Getting Started with the Right Questions
That said, many manufacturing leaders already recognize the need for industrial IoT. They struggle, however, with the complex and siloed landscape of their manufacturing landscape, including processes, IT and operational technology. To that end, we advise decision-makers to conduct a self-assessment and organizational readiness analysis by answering the following questions:
- What changes do we need in our business processes, operations, people and business models to respond to rapid market changes, new developments and emerging technologies?
- What kind of talent do we need?
- Where can our organization benefit most from a deeper understanding of operations and efficiency?
- How can we assess our readiness for an IoT transformation, and how should we benchmark our peers?
- What budget should we set for additional computational capacities, and for security and storage capabilities?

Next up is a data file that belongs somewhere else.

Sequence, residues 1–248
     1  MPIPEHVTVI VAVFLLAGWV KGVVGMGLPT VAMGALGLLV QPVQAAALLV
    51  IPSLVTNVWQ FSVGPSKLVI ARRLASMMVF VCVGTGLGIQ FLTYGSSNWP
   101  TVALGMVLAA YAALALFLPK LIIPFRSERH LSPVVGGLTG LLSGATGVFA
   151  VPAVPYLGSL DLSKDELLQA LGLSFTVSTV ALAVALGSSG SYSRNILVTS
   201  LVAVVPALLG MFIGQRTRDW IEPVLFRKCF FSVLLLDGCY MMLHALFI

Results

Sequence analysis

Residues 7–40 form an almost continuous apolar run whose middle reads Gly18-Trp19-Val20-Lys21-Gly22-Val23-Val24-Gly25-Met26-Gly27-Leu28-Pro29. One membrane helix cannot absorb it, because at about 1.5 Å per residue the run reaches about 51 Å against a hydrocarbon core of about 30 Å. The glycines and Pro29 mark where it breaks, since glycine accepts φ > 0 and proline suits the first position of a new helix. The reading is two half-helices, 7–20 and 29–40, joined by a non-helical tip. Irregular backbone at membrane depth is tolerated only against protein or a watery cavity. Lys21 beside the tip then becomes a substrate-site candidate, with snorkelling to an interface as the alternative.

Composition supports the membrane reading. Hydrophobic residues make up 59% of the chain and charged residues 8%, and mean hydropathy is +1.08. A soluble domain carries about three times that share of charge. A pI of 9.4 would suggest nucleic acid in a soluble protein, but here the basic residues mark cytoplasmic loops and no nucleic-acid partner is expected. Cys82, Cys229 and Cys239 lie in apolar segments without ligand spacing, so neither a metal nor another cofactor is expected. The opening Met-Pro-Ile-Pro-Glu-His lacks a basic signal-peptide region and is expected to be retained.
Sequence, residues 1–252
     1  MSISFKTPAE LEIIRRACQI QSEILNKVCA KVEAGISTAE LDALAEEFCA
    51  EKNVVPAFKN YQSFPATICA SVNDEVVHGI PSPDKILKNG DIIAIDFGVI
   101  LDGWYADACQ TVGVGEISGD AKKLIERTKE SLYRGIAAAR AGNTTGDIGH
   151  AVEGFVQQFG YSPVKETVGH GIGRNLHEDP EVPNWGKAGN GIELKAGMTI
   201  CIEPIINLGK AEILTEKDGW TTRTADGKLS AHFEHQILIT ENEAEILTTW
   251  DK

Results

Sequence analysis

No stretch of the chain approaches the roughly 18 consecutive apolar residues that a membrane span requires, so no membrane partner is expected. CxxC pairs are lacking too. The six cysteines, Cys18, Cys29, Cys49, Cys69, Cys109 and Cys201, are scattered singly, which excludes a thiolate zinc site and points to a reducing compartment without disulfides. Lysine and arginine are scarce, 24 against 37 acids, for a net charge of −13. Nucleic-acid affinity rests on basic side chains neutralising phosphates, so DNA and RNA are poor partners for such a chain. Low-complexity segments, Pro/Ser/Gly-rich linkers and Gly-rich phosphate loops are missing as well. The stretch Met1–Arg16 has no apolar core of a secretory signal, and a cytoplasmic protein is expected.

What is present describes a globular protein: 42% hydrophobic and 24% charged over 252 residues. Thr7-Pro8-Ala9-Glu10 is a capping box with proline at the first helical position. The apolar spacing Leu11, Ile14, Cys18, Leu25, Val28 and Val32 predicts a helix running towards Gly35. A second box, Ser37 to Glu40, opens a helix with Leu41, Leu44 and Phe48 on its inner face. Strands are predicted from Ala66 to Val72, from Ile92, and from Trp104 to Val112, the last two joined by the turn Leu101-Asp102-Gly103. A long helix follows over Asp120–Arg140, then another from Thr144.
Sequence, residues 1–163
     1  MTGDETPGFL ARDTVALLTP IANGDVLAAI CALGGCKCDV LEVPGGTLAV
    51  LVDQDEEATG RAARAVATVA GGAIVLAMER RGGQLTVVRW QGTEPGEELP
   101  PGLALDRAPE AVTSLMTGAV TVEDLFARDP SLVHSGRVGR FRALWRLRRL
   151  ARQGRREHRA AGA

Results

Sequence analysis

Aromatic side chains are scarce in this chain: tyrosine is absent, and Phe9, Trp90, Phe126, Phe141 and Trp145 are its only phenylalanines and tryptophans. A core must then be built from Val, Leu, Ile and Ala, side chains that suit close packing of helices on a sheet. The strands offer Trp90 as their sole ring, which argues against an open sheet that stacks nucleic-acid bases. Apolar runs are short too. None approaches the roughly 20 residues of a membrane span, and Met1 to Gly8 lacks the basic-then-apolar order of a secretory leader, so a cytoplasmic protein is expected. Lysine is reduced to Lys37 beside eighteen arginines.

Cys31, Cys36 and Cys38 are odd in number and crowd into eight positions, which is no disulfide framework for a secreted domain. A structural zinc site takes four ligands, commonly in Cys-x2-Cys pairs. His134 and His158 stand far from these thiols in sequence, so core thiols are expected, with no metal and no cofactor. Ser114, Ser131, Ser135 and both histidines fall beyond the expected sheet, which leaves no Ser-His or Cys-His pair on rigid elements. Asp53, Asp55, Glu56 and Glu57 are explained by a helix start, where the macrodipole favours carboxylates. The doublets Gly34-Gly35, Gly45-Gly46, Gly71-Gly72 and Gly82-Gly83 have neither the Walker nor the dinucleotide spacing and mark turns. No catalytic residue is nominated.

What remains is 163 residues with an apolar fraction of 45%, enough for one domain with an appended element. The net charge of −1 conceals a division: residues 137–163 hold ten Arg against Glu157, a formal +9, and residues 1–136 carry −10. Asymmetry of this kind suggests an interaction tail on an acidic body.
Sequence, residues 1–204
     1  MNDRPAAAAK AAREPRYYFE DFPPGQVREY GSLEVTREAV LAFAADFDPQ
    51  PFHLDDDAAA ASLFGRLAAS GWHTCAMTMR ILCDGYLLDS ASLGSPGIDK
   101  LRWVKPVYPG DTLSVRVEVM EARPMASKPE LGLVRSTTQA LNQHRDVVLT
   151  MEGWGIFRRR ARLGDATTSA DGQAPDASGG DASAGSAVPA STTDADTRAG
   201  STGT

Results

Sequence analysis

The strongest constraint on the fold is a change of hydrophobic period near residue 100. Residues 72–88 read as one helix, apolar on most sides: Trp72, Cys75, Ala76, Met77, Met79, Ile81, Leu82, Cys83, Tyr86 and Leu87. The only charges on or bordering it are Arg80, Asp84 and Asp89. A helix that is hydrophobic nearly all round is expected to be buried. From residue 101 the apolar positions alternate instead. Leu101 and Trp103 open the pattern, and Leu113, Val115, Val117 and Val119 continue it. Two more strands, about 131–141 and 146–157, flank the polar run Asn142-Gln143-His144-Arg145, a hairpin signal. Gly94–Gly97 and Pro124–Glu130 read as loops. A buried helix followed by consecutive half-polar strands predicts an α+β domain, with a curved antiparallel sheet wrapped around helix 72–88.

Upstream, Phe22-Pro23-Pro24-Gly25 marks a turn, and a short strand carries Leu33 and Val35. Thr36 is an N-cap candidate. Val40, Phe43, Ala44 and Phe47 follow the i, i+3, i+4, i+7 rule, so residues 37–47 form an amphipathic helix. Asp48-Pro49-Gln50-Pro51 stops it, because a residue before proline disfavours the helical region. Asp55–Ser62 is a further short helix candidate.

- What is preventing us from a transformation? Legacy systems? Cost pressures?
- Besides cost, what internal barriers do we need to overcome?
To help with those answers, leadership must compare approaches, examine the readiness of its technical architecture, understand the organization’s capacity to change, and review available case studies. They must also engage with partners with the required domain expertise as well as hands-on experience in deploying industrial IoT technologies. In our experience, successful journeys take manageable steps such as designing and installing sensor technology; implementing faster and more efficient interconnectivity between the enterprise, business units and production facilities; developing analytics; and piloting use cases that not only demonstrate the promise of the industrial IoT but also realize its value at scale. In proceeding this way, manufacturers develop and grow the talent, skills and tool-sets necessary to build a connected ecosystem that seamlessly integrates digital, operational and information technology.
Organizations that align both IT and operational technology to create a “system of systems,” instrumenting every device in the extended manufacturing ecosystem, will be best positioned to harvest meaningful data at every touchpoint. Only then will manufacturers be able to benefit from the improved yields, additional value and greater efficiency that industrial IoT can produce.